50 Hikes 50 States Project–Oklahoma
Our trip to the midwest, something I felt would be a bit of a chore, delighted us at every turn. I mean, really, who thinks that hiking in the midwest would be interesting or challenging? To our surprise, as the 50 Hikes 50 States Project rounds the last corner of its adventure, we found three great hikes smack dab in the middle of the country. On this outing, we tackled Oklahoma, Kansas and Iowa.
Hiking in Tulsa
First up, Oklahoma. Landing in Tulsa on a Friday afternoon, I had scoured the area to find an interesting hike. The Turkey Mountain Wilderness Area popped up as a possible location to get in an afternoon hike, and it provided a way to stretch our legs from our flight.
After passing a good dozen Up with Trees signs, which is Tulsa’s signature program to save the trees of Tulsa, and a 20-minute drive from the airport, we dropped in at the Turkey Mountain Wilderness trailhead. After reviewing the trailhead signs, I decided I simply wasn’t interested in a loop through the oaks with mountain bikers squeezing in a late fall ride. The descriptions of the trails didn’t seem to scream quintessential, a requirement of our 50 Hikes 50 States Project; rather it felt rather desperate.
So I pulled out my phone, did some “hikes near me” googling, and settled on a loop along the Riverside Trail in Tulsa. What a great decision!
The River Parks Riverside Trail
We scurried over to The Gathering Place. This large city park, a creative reimagining of the city’s need to manage the Arkansas’ flood plain, provides meandering paths, fun water features, entertainment stages, and an overall engaging outdoor space for Tulsans. It was also a great place to start our urban hike toward the city along the River Parks Riverside Trail.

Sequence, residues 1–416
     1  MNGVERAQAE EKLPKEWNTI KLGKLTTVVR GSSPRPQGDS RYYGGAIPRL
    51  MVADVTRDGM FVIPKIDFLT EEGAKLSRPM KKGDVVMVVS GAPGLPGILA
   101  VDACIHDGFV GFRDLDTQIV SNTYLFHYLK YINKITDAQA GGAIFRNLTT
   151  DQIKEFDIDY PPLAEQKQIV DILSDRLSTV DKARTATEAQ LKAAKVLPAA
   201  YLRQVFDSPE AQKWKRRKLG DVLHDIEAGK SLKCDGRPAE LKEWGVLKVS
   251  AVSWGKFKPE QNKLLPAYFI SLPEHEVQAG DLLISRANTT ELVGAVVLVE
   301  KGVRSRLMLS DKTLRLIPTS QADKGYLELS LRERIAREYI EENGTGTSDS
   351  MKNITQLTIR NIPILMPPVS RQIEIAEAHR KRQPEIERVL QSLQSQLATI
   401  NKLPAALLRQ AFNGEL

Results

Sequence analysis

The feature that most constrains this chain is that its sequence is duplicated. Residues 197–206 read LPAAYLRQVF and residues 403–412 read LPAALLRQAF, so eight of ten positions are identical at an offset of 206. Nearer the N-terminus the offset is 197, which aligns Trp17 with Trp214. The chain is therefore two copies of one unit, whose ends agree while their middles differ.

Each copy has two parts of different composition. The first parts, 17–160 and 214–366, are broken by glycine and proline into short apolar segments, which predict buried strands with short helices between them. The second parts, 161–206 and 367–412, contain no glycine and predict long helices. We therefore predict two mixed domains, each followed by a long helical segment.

Shooting up and down the Arkansas River on both sides of its banks, this urban trail stretches the length of the urban area, connecting downtown Tulsa to its Oklahoma Aquarium for about 11 miles. It’d make a great 20-mile loop on a bike, but we were into a 5-mile urban loop.
Heading north from the Gathering Place on a well-marked trail that separated the pedestrians from the cyclists, our views of a river at low capacity delighted us. We started along the path, only to be tempted into the river to check out its bottom. Shale exposed itself, providing puddles of adventure to view while gingerly trying to stay upright on muddy and slick rocks. Although I would have loved to have spent hours in the river pools looking for critters, we continued on the path toward the city.
Fall leaves colored the path as play parks with a sculpted frog invited us into play, and a bent oak branch created a tunnel to walk under. We noticed an historic art deco theatre, only to discover it to be the Tulsa Spotlight Theatre. It has the longest running play in US history, called The Drunkard, and we only wished we could have caught the show (watch this video for more info.)
The first two miles of our walk passed quickly.
The Route 66 Gateway
And then we saw it. A large sculpture up to the right of the path. We had to investigate!